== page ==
A few weeks ago I stopped at Camping World to compare the 2016 Heartland Big Country against the Keystone Montana. The dealership had several floor plans of each. I went to their website the night before and came up with a list of what trailers they had on the lot to tour. This included several used models. I had hoped the popular Heartland Big Horn would be on the lot. Really would have liked to compare the Big Country against the Big Horn.
Karen and I are still coming up with a short list of floor plans. As she was not with me I spent more time checking construction this time. However, I find it easier to later go online and look up the specifications and available options rather than during the tour. What works well for me when rating a trailer is to base the ratings off all the available options. For example, if a trailers options include heavier tires, refrigerator choices, MCD shades and similar then I rate the trailer as if those available options were included in what we might purchase.
For now, I don’t worry much about the specifics such as does a trailer have a more efficient air conditioner or larger furnace. When Karen and I figure out what floor plan we want and narrow the search to a few manufacturers then I’ll get more serious about ratings. For now, I scored the Heartland Big Country at 194 points compared to the Montana (not the Legacy Addition) at 202. The rating scale I’m using has a possible 275 points. The heavier, and more expensive trailers tend to come in higher on the scale, but not always. My usual disclaimer is these ratings are based on what Karen and I feel are important to us. Your expectations may be different. We have not completely ruled out a trailer in a lighter weight class, for example a Grand Design Reflection, and plan to look at a few others in the 35’ and under range.
I’ve been using a decision matrix to rate trailers. What’s becoming interesting is many of the trailers we are looking at are separating by very narrow scores. You may not find that odd because in any given price point there are several trailers available, built with mostly the same parts. In the 16,000 trailer range my scores are averaging 192 points out of 275. The heavier, and more expensive trailers average score is 221. I’m thinking it’s going to be a hard choice between a few trailers. Of the trailers I have looked at in the weight class of the Heartland Big Country, several are separated only by a few points.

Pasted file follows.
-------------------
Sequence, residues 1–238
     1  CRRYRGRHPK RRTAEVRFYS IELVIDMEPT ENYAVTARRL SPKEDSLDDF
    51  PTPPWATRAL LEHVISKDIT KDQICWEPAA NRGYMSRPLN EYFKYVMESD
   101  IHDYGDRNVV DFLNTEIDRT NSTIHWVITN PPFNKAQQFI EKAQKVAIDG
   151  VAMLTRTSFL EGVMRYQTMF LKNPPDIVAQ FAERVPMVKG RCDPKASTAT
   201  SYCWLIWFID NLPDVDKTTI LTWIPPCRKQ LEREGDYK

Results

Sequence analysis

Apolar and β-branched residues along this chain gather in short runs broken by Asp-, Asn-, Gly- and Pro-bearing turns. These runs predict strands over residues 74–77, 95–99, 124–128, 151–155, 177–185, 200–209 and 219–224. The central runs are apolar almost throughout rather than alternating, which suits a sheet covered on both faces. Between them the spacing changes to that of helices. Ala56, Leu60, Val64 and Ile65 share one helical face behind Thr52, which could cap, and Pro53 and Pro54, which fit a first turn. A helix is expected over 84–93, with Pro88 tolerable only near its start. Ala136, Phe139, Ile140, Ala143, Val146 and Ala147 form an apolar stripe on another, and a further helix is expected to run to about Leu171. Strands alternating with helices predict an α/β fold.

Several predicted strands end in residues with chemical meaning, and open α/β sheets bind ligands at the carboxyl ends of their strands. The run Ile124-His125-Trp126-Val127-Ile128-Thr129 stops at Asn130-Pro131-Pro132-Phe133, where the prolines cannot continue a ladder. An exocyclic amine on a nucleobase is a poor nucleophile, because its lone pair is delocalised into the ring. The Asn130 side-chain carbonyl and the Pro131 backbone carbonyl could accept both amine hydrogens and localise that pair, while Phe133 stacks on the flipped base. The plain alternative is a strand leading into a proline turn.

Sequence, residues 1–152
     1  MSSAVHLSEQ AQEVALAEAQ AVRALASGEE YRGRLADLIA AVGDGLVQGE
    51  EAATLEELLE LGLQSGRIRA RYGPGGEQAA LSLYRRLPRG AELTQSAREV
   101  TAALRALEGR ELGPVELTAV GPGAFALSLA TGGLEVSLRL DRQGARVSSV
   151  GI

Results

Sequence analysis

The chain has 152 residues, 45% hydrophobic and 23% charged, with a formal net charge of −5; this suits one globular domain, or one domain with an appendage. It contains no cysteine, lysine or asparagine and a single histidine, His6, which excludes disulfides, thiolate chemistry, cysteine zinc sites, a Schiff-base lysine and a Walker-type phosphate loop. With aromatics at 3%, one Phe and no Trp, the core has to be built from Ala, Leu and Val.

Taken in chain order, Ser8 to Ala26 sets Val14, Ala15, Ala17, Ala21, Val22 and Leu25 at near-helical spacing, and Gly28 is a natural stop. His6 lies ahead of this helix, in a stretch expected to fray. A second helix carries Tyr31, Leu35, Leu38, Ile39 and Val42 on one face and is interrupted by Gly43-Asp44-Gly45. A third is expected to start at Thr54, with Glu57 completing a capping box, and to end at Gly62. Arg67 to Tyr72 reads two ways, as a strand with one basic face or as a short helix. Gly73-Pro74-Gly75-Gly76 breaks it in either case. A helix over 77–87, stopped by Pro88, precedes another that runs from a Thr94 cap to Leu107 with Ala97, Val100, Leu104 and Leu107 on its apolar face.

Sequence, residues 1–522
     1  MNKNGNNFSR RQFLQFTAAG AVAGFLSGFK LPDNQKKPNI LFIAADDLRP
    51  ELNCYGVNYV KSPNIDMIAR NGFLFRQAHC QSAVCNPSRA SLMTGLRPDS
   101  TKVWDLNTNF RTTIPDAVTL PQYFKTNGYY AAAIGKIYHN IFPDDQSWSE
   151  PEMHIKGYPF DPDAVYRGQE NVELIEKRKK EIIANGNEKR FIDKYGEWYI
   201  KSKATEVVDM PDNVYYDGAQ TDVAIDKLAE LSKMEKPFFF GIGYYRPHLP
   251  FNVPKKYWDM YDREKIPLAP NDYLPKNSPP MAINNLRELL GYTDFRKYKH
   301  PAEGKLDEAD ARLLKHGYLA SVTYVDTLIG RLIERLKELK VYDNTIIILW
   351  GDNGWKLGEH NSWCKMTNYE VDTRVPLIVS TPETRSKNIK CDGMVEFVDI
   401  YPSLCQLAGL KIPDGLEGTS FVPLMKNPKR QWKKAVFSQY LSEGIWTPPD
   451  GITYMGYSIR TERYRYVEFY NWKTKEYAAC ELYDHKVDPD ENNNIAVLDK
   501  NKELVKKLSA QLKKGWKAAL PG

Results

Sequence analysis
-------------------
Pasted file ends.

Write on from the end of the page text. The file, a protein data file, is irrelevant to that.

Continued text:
The first thing I noticed about the Big Country when I walked up to the front door was the sticker “Warrantied for Full Time RVing.” Okay, now I know the spelling of full time. Was never sure if it’s two words or not. Jokes aside, I thought it important Heartland, and others, are willing to advertise this.
From prior photos of both the Big Country and Big Horn I had noticed a vent in the ceiling directly below the air conditioner and was concerned both may not have “whisper quiet” systems. There was no power to the trailer I toured in order to check the AC. However, I saw no vent below the ac unit in the 2016 model. Heartland advertises the Big Country as having dual whisper air ac systems.
Here are a few bullet points of what I found as important to me during the tour of the Big Country: